Saturday, October 16, 2010
Race Review: Buffalo Alley 10k
Know someone who could stand to be humbled by hills? Send ‘em to this trail 10k deep into Camp Pendleton’s northern realm.
It’s already part of our race plans for next year.
This was the final race in the U.S.M.C. Hard Corps endurance series, and the moniker Hard Corps was just one indication that this would not be easy. Another was universal advice from past participants to beware of big, big, big hills, both going up and down.
You must drive about 8 miles once you are on the base, but parking was not a problem. There were plenty of portable toilets (with sinks!) and a very well organized expo to pick up race bibs, D tags and T-shirts. We gave ourselves plenty of time to arrive, which made a big difference in helping quell pre-race jitters.
Once we were all corralled, there were the obligatory instructions livened up with a lecture from the morning’s emcee. He warned that no one was allowed to die on the course, and he urged those afraid of heights to not look down. I’d never done a true military-sponsored race before (the Marines Corps Marathon is a very different, more commercial animal). Every single entrant looked fit. And during the moment of silence for fallen soldiers, the crowds immediately and universally halted all talk and lowered their heads. Prayers noiselessly punctuated the surreally still air.
You hit the first and biggest hill about a quarter-mile into it. I got to the top of the ridge at 500 feet and thought, “This wasn’t bad at all.” Turns out this also wasn’t the end of the climb. In all, we’d manage 1,000 feet in a little over a mile before we got rolling.
Once we all realized around that first bend that we still had a ways to go, virtually everyone around me started power walking. Who was I to not show some solidarity? Sure it cost me time, but it also saved some energy for what was to come: more hills.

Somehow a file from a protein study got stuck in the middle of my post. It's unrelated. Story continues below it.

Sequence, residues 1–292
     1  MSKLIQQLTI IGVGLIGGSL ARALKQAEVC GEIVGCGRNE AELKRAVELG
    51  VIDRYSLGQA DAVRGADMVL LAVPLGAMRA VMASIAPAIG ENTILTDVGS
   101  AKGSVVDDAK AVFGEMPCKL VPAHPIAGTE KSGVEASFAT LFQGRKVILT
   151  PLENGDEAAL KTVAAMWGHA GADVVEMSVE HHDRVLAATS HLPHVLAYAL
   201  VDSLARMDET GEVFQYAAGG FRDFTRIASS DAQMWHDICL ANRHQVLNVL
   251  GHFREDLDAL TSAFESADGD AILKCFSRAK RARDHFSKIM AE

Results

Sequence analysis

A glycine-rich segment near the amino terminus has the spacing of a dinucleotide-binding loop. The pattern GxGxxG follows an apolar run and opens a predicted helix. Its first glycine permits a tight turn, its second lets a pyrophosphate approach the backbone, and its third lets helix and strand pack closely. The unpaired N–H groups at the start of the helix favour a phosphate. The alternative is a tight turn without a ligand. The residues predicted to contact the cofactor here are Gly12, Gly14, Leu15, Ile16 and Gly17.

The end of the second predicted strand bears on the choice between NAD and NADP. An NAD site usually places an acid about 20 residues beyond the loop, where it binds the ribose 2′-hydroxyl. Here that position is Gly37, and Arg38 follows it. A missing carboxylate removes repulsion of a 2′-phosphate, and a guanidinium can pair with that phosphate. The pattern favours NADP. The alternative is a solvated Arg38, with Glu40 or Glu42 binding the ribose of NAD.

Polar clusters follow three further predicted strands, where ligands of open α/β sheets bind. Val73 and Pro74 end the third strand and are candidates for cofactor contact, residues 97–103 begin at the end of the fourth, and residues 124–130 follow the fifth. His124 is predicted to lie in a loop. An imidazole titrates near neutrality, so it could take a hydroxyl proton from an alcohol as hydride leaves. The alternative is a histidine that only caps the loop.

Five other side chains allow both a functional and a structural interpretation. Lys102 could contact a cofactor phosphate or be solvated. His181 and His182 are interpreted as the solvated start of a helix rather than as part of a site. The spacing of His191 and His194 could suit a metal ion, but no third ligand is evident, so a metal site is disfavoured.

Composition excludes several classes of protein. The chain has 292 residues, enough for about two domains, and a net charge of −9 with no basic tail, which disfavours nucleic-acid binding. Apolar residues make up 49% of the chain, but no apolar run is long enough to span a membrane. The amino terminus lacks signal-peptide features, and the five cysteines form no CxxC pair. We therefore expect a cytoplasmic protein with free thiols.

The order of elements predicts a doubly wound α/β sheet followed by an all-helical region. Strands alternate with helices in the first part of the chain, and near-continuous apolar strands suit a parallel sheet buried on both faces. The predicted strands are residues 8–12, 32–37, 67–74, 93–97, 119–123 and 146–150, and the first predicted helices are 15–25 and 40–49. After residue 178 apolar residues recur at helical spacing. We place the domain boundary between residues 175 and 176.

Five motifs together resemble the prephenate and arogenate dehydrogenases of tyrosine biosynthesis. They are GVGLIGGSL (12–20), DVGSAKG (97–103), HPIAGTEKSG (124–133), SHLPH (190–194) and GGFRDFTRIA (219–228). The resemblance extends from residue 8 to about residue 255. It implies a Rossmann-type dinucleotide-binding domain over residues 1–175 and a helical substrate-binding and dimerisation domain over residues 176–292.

The middle miles were a series of ups and downs surrounded by pristine mountains blanketed in fog. It kept temperatures ideal and was a nice change of scenery for this city girl. All total, we passed 4 water/Gatorade stations during this stretch – three more than I would have expected at this distance. The central station that we’d pass going out and back included rock music, which resonated all along the ridge with nothing around to absorb the sound.
Just beyond Mile 5 we hit the dangerous downhill. It’s a steep, rut-riddled descent that is impossible to actually run down, at least full force. Strategies around me included zigzagging if you had room, sliding sideways and just tiptoeing till you felt safe.
The good news is once you come off that stretch, you have a swift final mile to the finish, passing fields of fragrant wild fennel and woodland before those blessed balloons at the finish finally appear. I went under them around 1:05, which would be slow for me in a road race but surpassed my private predicted time by 5 minutes.
I immediately wanted to try it again next year, but some of the others took more convincing. After breakfast at the excellent Beach Break Café in Oceanside, we were all onboard. After all, we may have struggled, but we also did as instructed at the start.
We arrived alive.
Thanks to Deborah J. for the photo.